“I do not know much about gods; but I think that the river is a strong brown god – sullen, untamed and intractable…”
TS Eliot, The Dry Salvages
If the River Deben is a god, he is a very sluggish one, slow and muddy – but like many gods, unpredictable, fickle and capable of taking on several manifestations. The first thing that startled me about the Deben, when I moved to be near it in late 2019, was its sheer changeability, the consequence of its heavily tidal nature.
The River Thames, the only other river I know well, never changed much. The odd strand of grubby sand might emerge at low tide; if you were unlucky enough to live in one of the areas to the west of the capital prone to flooding, you took your chances at high tide.
The Deben, at least where I live in Woodbridge, can sometimes be so low it is possible to cross on foot – one of our local running clubs actually does so each summer, a muddy if apparently joyous ritual. I have seen people swimming even in low tide in the mucky waters further downstream, towards Martlesham Creek.
At other times the tide laps over its banks, making some river walks impossible and leaving cars parked on the shore by the famous Tide Mill at Woodbridge sitting in a foot of water. Earlier flooding has led to the building of substantial metal flood defences to protect parts of the foreshore.
Go upstream, to Melton and Wilford Bridge, and at low tide the river becomes impassable even to small craft.
It was not always thus. It was in Victorian times possible to get quite large boats right up to Debenham, where you approach what is now the source of the river. The upper reaches are even now rather less tidal.
There were plans, in the early 19th century, to dredge the upper courses of the river and create a navigable canal to allow agricultural produce to be brought from Debenham all the way to Woodbridge, which was then a thriving port. Those plans, and much of the business of the port, succumbed to the coming of the railway, which gave farmers an easier route to market.
The Deben is about 25 miles in length, meeting the sea around Bawdsey and crossed there by the Felixstowe Ferry. Its actual length is conjectural as no one seems to accept just where the river starts. There are a number of sub-branches above Debenham, any one of which might lay claim to be the source.
My first introduction to the river, and the working boatyards and other businesses that fringe it, involved a typical townie misapprehension. I walked past one of the rusting metal cranes and noted it was built by Priestman, one of the big names of Victorian engineering that powered that era’s emerging industries.
I nodded approvingly. A fine piece of industrial archaeology, and a suitable memorial to the Deben’s thriving past as a port and shipbuilder.
When next I walked past the crane, it was pulling a boat out of the water. This elderly machine was a still a working part of the boatyard, part of a proper business environment that still provides jobs and prosperity. That is part of the appeal of the Deben around my way, that it is at the heart of a still functioning network of boatbuilding, yachting clubs and marinas. Some people even live on the river, in the thriving community of houseboats that fringe its banks.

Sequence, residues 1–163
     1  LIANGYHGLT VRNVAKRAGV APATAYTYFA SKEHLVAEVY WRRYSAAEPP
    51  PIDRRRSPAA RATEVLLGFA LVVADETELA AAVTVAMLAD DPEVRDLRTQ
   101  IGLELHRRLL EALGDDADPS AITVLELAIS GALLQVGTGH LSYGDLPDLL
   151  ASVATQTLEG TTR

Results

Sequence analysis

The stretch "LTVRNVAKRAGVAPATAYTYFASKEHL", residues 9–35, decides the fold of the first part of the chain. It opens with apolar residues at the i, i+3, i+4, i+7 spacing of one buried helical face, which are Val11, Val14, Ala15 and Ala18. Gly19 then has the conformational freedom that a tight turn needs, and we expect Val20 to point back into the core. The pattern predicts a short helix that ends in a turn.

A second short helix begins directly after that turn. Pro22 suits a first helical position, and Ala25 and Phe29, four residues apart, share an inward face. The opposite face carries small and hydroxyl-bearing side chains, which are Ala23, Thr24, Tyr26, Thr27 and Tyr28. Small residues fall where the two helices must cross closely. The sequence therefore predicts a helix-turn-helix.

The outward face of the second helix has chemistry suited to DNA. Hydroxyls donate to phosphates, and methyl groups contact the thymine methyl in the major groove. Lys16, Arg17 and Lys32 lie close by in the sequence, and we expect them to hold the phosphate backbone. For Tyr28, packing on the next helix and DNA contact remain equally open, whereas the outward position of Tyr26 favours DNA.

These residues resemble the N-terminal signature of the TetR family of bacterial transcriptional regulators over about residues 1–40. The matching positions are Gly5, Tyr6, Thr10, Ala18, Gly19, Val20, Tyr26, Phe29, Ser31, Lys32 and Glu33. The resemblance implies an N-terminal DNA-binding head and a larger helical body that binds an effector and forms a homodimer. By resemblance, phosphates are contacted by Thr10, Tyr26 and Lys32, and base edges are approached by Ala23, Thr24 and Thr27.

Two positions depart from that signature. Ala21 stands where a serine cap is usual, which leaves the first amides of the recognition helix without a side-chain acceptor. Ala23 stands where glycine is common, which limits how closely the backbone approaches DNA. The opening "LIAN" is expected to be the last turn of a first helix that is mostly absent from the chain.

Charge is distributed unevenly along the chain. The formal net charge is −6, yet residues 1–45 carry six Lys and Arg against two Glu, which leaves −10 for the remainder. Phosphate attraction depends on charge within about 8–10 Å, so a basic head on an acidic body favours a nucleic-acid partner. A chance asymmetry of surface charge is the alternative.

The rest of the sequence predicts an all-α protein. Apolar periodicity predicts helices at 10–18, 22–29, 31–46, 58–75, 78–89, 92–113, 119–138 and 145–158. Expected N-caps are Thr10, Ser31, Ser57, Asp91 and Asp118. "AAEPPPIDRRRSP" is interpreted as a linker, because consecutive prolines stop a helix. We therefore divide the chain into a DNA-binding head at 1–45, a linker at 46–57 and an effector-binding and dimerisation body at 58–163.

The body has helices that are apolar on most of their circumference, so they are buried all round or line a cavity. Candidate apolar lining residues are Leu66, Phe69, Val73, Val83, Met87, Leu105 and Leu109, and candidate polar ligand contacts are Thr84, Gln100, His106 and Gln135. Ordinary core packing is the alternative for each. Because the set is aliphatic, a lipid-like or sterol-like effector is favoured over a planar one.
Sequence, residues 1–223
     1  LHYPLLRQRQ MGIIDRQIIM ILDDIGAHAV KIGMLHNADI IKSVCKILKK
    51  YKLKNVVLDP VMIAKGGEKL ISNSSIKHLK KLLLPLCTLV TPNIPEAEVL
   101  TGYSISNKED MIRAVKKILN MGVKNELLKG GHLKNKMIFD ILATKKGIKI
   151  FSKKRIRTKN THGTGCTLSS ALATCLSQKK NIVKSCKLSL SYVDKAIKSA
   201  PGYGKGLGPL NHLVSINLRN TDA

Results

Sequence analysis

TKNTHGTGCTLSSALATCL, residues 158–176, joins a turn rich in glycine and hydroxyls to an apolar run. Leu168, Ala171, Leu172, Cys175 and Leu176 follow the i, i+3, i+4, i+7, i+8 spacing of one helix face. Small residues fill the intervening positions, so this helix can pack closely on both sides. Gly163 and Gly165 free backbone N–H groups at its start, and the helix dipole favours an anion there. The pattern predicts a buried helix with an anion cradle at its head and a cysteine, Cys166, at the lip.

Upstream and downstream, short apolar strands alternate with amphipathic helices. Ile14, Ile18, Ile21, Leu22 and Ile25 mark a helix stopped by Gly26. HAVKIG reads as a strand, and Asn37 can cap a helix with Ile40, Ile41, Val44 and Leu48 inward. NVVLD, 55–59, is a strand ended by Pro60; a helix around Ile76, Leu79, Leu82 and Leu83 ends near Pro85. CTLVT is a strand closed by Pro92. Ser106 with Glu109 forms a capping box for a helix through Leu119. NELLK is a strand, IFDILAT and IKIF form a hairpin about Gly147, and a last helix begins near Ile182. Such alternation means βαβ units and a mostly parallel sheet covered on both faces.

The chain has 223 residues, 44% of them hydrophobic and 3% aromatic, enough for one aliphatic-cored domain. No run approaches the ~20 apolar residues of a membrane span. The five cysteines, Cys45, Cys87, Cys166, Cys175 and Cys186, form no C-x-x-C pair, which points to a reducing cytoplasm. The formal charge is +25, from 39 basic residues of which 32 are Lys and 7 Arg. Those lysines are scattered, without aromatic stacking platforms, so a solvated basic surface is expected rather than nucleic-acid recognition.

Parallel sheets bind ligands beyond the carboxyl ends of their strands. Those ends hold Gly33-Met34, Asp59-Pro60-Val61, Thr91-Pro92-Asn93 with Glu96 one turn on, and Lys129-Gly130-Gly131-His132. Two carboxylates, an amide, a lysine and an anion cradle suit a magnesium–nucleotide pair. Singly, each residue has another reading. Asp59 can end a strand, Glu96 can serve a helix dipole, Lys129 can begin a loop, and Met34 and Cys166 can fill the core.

Across the Deben, though, the landscape would seem not to have changed much since the Anglo-Saxons first arrived in the longships in the 5th century and thereafter, hilly, wooded and with few visible buildings. One of those ships, of course, was dragged up that shore to form the burial mound at Sutton Hoo, discovered just before the Second World War, an event commemorated in the film The Dig.
(Spoiler: the events in the film do not strictly follow the book of the same name, which is more accurate if less romantic. Some of the river scenes were filmed further downstream, towards Bawdsey. The house is not Edith Pretty’s home at Sutton Hoo, still visible from my side of the river. Several characters have been changed. Nonetheless the film did much to introduce the Deben, and its surroundings, to people who might never have otherwise heard of it.)
Head down the river from Woodbridge and you reach Ramsholt, and the riverside pub the Ramsholt Arms. The pub features, along with the Deben, in another film made hereabouts. “Yesterday” is the story of a musician who somehow slips into a parallel world where the Beatles never existed and recreates their hits; one important scene is set outside the pub.
From Ramsholt there is another staggering view, on a river not short of wonderful, widescreen vistas, down towards the sea.
At the river’s mouth there sits Bawdsey Manor. In 1935 the team developing radar, initially based at Orfordness, bought the house and moved in there. The work continued and radar was developed, with much of the initial work being done by women who were discovered to be better suited at monitoring the screens. The first guinea pigs, as operators, were one of the chief scientist’s three secretaries.
There is plenty more to say about the Deben, its bleakness, paradoxically attractive to some, the endless reed beds, those huge vistas. Those with an interest might consider joining the River Deben Association, a local special interest group. More details at www.riverdeben.org.